Daphne Todd has come to the nation’s attention as one of the judges on BBC1’s The Big Painting Challenge.
There was also a flurry of headlines when Daphne revealed she’d secretly painted horns beneath a portrait of one of her sitters. People were a bit surprised that a former President of the Royal Society of Portrait Painters could be so cheeky. For me, that’s one of the reasons why she’s so likeable.
As an artist, what I love about Daphne is the attention she gives to the cob-webbed corners of our lives; the everyday objects we take for granted. She persuades you to look hard at the things that you brush past – and I mean ‘hard’. If you’ve watched the BBC1 series, you know that the indomitable Todd Stare has no rivals.
In Daphne’s latest exhibition you can see examples of her love of the ‘ordinary’. David Messum, Founder and Chairman of Messum’s Gallery, has represented Daphne for 15 years. Click on ‘the boiler’ link and you’ll hear how the ‘amazing integrity’ of her approach continues to impress him, even when the subject matter is – on the surface – rather mundane:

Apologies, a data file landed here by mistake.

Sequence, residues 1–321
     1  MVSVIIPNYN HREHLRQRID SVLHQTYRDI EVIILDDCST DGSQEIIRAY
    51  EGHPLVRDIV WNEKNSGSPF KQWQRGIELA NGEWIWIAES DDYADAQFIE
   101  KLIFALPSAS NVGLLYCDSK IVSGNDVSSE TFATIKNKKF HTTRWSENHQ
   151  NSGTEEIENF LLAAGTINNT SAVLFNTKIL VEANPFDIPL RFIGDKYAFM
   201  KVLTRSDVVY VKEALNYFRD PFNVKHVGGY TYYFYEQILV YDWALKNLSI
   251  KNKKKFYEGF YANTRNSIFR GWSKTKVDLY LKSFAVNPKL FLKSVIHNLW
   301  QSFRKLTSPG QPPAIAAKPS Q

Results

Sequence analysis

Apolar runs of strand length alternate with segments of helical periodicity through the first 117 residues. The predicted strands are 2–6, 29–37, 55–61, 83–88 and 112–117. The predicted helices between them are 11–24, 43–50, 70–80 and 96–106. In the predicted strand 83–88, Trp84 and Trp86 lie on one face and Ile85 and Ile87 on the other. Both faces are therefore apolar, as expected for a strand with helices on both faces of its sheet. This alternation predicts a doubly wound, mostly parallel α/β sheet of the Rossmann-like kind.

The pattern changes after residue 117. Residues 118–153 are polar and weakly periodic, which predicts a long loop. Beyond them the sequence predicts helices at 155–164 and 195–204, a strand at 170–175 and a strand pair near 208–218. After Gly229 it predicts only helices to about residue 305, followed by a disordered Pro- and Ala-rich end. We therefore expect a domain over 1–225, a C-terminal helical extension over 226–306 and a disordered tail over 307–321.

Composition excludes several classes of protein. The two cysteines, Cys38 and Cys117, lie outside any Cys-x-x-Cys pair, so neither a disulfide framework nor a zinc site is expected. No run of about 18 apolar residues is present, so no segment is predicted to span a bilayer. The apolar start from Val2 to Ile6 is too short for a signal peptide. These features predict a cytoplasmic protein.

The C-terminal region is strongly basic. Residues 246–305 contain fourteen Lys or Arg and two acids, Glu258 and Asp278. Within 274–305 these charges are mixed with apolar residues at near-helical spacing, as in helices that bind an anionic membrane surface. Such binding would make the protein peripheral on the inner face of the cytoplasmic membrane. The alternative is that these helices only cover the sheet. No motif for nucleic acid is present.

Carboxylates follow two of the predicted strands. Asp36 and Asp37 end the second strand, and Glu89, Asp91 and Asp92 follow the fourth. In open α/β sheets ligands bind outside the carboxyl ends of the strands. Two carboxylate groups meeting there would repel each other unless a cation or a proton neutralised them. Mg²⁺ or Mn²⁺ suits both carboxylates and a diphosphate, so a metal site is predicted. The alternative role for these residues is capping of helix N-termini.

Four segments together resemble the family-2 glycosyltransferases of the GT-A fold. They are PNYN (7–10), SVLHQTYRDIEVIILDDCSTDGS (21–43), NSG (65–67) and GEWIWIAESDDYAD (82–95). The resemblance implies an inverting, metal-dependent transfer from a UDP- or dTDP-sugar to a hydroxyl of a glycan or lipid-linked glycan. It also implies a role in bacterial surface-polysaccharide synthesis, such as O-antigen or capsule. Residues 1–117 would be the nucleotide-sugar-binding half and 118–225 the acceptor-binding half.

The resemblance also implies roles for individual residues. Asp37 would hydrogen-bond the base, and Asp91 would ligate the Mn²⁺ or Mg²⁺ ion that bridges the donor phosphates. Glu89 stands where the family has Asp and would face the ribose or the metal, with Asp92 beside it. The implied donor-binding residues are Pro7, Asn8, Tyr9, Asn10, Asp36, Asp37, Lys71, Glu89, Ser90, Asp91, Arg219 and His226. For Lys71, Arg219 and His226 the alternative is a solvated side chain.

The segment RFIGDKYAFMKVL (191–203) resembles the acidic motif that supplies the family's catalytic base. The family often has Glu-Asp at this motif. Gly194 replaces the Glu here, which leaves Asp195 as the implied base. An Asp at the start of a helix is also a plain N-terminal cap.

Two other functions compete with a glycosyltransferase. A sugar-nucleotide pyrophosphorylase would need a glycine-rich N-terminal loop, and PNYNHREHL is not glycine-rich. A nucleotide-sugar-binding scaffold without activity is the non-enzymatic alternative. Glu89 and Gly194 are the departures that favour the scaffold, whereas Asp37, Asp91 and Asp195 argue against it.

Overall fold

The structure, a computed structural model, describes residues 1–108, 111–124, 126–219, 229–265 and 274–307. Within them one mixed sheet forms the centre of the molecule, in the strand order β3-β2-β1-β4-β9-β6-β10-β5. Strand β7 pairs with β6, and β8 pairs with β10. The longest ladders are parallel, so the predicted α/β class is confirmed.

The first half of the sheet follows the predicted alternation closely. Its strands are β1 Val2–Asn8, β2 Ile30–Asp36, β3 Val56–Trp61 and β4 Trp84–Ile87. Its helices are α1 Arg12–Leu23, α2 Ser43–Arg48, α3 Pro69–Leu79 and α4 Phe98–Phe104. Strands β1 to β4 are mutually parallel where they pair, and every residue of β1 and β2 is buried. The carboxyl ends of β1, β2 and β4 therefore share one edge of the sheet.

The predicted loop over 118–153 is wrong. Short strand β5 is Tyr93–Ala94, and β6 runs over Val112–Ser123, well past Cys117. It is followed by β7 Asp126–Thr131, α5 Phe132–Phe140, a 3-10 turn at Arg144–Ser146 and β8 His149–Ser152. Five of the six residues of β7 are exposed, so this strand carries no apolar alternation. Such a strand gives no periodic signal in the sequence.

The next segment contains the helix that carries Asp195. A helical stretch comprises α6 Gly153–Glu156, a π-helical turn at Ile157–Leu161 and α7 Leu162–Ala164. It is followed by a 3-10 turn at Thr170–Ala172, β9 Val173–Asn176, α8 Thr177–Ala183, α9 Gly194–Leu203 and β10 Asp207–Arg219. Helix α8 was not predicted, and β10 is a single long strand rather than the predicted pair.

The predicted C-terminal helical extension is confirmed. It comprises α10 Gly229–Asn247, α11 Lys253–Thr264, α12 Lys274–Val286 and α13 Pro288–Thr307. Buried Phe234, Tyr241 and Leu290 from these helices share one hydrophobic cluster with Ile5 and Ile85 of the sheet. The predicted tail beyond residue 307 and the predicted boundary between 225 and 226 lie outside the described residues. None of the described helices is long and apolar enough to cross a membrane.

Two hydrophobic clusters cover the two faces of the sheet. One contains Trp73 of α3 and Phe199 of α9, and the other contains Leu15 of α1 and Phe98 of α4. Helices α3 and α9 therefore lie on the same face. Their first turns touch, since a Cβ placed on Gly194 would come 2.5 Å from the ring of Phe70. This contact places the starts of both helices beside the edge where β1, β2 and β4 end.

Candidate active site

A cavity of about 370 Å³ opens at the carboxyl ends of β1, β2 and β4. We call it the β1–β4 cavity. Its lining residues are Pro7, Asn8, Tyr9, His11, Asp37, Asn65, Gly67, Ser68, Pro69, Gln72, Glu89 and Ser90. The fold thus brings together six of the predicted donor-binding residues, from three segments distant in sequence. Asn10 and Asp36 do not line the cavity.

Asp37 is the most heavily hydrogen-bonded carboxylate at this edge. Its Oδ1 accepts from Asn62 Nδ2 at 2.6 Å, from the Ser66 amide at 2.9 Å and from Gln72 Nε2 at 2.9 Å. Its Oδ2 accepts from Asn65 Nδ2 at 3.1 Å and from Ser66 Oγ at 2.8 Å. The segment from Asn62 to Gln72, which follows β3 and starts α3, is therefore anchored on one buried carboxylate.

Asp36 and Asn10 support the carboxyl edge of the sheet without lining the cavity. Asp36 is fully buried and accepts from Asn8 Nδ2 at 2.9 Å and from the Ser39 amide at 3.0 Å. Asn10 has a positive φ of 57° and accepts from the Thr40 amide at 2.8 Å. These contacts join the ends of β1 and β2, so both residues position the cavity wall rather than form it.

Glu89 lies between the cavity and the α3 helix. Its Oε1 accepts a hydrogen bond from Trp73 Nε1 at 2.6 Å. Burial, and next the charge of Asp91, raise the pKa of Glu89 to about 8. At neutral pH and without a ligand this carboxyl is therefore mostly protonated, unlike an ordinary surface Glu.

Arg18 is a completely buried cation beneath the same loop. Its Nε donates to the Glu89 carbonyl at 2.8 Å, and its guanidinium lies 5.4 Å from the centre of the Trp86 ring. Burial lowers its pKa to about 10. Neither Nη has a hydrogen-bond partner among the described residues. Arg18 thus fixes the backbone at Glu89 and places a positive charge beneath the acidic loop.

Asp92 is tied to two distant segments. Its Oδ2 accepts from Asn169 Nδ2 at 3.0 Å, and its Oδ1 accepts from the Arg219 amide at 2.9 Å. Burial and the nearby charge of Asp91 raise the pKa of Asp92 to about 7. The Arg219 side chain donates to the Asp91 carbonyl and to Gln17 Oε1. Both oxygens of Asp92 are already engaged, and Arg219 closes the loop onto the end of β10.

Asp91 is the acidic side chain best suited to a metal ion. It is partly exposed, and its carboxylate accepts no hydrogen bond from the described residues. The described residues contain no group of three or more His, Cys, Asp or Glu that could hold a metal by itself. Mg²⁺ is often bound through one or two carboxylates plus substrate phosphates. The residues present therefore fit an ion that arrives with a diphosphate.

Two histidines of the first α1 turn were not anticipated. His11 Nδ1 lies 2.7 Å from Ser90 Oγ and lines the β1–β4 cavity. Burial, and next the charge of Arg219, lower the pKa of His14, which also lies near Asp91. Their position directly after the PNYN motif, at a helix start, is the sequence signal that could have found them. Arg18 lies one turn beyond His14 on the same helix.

Painting pictures with words.
The next picture leads you outside, to Daphne’s garden. On one side of the path several bricks have been dug out of a flowerbed.
When you click on ‘the bricks’ interview below, you don’t really need to look at Daphne’s painting. Her enthusiastic words create the images for you:
Judge The Big Painting Challenge judge for yourself.
Daphne’s latest exhibition gives you the chance to examine her meticulous approach close up. As well as still lifes, there’s a selection of figure studies and various landscapes of the Kent/Sussex countryside.
If you can’t make it between now and April 17th (2015), take a tour of her work in this film. Discover how art critic and writer, Martin Gayford fared when he sat for Daphne. (Clue: she’s stricter than Lucien Freud – although he said that with a warm smile when I interviewed him.)
And David Messum can’t help smiling when he recalls his own experience of sitting for Daphne:
‘Daphne Todd 2015’ continues until 17th April at Messum’s, 28 Cork Street, London, W1S 3NG.
Daphne’s film is beautifully produced by Jack Driscoll.
You can see other works by Daphne – including portraits of Sir Tom Stoppard and Lord Sainsbury – at daphnetodd.com.